The Seven Wonders of the Ancient World are seven ancient structures that were particularly impressive or had special historical value. They were listed in some of the earliest guidebooks for travellers, a century or two BCE. These guides were written in Greek and covered only the region around the eastern part of the Mediterranean Sea.
The list varied from book to book, but the best-known version included the following sights:
- The Great Pyramid at Giza in Egypt is the oldest of the wonders and only one that survives today.
- The Hanging Gardens of Babylon were in what is now Iraq. There is debate, though, about whether these gardens existed and what they looked like if they did exist.
- The Colossus, a great statue that straddled the harbour entrance at Rhodes in the Greek Islands. In modern times, a proposal was made to build a new Colossus of Rhodes. The original Colossus was the inspiration for the fictional Titan of Bravos in the Game of Thrones books and TV series.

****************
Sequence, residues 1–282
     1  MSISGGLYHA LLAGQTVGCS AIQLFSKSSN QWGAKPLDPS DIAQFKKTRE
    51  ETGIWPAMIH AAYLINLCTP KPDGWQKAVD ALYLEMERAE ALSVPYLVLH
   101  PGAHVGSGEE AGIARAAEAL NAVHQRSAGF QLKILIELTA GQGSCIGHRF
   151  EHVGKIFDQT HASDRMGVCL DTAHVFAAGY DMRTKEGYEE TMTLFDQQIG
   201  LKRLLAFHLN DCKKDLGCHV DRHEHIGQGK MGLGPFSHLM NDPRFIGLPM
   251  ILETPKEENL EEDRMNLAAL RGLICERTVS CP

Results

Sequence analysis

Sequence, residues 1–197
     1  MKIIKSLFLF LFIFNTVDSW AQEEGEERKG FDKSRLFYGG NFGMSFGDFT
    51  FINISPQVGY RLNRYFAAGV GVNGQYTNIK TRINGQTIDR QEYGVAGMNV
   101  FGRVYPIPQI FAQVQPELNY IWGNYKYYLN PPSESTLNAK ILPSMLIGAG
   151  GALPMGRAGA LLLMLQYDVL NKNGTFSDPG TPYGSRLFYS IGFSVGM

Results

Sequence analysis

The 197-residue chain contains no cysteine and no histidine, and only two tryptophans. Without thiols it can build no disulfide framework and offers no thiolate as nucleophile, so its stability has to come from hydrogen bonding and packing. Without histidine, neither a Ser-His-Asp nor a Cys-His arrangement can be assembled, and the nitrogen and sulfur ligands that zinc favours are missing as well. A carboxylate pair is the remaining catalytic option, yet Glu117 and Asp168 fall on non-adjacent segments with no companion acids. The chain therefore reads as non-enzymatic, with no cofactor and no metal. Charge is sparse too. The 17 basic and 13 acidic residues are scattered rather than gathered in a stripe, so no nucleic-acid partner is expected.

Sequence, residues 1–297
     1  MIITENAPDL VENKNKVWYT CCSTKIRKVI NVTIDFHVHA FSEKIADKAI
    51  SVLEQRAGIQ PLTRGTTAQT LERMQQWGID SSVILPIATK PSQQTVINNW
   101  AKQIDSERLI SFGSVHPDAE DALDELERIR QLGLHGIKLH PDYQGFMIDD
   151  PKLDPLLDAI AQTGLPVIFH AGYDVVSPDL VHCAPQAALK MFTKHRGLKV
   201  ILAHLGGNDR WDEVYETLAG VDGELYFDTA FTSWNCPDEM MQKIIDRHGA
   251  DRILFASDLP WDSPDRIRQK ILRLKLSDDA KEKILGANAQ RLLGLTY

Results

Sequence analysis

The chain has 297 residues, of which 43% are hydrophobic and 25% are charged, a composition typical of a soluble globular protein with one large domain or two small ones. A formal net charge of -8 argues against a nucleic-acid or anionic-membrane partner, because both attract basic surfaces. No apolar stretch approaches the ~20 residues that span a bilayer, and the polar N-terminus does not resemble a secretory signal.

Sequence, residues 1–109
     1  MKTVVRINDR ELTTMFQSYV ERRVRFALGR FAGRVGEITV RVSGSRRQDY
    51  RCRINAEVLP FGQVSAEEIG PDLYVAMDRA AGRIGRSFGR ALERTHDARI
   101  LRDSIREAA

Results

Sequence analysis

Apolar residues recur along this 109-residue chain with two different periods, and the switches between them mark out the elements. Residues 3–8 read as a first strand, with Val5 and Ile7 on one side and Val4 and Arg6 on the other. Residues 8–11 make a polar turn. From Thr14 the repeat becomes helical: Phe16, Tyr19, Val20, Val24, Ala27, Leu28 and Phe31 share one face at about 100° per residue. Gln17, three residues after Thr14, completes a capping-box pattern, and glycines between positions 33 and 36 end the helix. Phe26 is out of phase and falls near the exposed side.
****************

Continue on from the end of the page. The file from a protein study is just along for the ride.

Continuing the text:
- Temple of Artemis in Ephesus in what is now Turkey
- Mausoleum at Halikarnassus in what is now Turkey
- Lighthouse at Alexandria, Egypt
- Statue of Zeus at Olympia
At the time the Wonders were first listed, the Hellenic (Greek) culture extended far beyond the current boundaries of Greece. Alexander the Great had created a huge empire and, though that empire soon split up, Greek influence continued in many areas for centuries. All these wonders were in the Hellenic regions; see Ancient Greece.
None of these but the Great Pyramid — which ironically was the oldest of the seven wonders at the time the list was made — has survived to the present day.
In subsequent eras, there have been various proposals for lists of "seven wonders" in various regions or worldwide; occasionally, a landmark is proposed as an "eighth wonder" of the world. With no universally-defined criteria for which places to include, the selection of seven destinations for these lists tends to be arbitrary and variable, and none of them have been widely accepted.